Scott Millspaugh

Dissertation Fellow
2011-2012
Image of Scott Millspaugh.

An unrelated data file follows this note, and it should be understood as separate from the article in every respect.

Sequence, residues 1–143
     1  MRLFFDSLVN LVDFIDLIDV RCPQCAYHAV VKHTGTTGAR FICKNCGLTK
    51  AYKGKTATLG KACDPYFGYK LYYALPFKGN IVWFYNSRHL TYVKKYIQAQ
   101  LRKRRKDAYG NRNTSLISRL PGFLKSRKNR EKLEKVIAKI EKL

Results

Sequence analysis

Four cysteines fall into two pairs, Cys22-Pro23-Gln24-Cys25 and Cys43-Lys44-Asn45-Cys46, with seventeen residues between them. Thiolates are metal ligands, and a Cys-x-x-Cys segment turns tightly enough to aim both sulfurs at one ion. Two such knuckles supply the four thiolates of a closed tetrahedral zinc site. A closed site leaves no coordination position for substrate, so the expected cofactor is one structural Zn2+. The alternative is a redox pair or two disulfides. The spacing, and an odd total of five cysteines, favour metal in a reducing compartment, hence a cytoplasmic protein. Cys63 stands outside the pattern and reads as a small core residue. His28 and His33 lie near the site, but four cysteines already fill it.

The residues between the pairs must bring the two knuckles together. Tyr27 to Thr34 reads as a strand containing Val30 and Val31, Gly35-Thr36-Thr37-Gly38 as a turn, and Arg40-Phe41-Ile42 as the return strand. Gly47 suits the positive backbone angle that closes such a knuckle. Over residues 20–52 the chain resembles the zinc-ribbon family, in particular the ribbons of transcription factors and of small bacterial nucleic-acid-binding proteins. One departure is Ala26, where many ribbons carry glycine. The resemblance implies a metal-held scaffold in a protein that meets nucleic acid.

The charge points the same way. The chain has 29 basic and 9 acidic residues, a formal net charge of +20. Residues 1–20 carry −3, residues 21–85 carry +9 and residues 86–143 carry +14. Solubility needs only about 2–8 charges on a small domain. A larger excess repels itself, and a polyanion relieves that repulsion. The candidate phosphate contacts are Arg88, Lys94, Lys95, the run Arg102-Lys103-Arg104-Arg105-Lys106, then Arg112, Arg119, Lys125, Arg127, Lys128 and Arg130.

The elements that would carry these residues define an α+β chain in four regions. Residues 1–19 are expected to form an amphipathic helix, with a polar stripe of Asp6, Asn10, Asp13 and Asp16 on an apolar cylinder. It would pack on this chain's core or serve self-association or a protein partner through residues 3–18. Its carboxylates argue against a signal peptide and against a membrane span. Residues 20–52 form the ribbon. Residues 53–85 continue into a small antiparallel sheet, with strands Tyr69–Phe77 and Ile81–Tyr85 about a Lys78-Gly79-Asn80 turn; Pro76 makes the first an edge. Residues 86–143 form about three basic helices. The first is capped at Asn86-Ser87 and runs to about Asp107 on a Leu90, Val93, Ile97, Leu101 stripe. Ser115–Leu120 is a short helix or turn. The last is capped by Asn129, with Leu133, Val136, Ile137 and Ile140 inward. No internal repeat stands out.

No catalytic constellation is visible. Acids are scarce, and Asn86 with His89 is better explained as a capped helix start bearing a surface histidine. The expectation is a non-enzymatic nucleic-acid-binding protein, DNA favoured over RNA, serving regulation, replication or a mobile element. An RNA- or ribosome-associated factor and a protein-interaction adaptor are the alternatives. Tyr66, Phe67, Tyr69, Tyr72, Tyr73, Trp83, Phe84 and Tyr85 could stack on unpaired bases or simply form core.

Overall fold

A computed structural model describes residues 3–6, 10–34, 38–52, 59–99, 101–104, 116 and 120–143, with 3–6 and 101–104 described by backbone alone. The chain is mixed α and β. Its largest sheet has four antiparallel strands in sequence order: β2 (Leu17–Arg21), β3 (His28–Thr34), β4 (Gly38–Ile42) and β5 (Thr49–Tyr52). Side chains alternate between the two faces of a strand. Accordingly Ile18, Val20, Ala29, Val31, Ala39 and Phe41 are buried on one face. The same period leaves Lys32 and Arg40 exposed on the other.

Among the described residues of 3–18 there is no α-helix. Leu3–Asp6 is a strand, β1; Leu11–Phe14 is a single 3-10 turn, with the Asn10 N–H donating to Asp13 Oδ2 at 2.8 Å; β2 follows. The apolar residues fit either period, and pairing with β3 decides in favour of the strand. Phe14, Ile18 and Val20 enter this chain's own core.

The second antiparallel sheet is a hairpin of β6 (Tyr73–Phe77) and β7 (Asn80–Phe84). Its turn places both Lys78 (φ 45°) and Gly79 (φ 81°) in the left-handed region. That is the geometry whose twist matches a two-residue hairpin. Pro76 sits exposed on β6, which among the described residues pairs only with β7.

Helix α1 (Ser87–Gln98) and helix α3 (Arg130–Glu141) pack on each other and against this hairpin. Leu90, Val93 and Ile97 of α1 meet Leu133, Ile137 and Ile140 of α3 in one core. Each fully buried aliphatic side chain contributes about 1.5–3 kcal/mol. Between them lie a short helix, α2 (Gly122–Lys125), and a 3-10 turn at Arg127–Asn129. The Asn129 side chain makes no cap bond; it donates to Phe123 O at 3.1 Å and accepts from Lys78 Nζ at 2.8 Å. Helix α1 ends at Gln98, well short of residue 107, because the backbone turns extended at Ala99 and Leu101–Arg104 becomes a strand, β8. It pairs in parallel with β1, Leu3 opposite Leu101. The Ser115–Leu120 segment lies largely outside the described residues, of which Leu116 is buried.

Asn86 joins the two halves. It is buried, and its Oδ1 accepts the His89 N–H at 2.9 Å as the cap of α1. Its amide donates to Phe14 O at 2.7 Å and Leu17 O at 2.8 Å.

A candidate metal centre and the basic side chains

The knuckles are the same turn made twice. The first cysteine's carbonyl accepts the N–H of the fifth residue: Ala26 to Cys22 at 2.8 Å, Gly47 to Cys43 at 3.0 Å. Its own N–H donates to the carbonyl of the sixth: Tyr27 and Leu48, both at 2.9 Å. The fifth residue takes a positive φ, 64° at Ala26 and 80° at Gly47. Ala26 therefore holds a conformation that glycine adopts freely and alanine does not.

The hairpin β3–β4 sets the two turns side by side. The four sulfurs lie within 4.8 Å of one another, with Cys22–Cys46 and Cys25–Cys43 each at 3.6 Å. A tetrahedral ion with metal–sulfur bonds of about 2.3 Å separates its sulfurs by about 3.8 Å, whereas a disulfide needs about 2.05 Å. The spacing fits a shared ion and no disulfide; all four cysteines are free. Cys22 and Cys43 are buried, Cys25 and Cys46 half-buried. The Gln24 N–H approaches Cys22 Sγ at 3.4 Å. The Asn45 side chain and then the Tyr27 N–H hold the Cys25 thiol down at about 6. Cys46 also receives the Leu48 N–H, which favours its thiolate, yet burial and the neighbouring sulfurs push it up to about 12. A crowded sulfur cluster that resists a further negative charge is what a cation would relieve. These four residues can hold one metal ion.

Scott Millspaugh’s research examines the nationalist, Romantic notions of the origins of Italian literature that have gone largely unchallenged since the decade after Italian unification. His dissertation in Italian Studies, “Sermo absentium: Rhetoric, Epistolarity and the Emergence of Italian Literary Culture,” proposes that early Italian poetry developed not from a native upwelling of poetic creativity, but from the rhetoricization of troubadour lyric in a particular socio-political context that demands the thematization of absence. For this reason, Mr. Millspaugh argues, Italian courtly love poetry developed along epistolary lines as both a product of rhetorical instruction and an effect of the exile imposed on many Italian poets in the latter half of the thirteenth century. Interrogating the influence of the rhetorical tradition from Aristotle and Quintillian to St. Augustine and Boethius inherited by medieval men of letters, Mr. Millspaugh claims that this emphasis on letters and letter-writing foregrounds the exilic condition of much early Italian poetic production and places its development firmly within the specific socio-political context of late medieval Italy.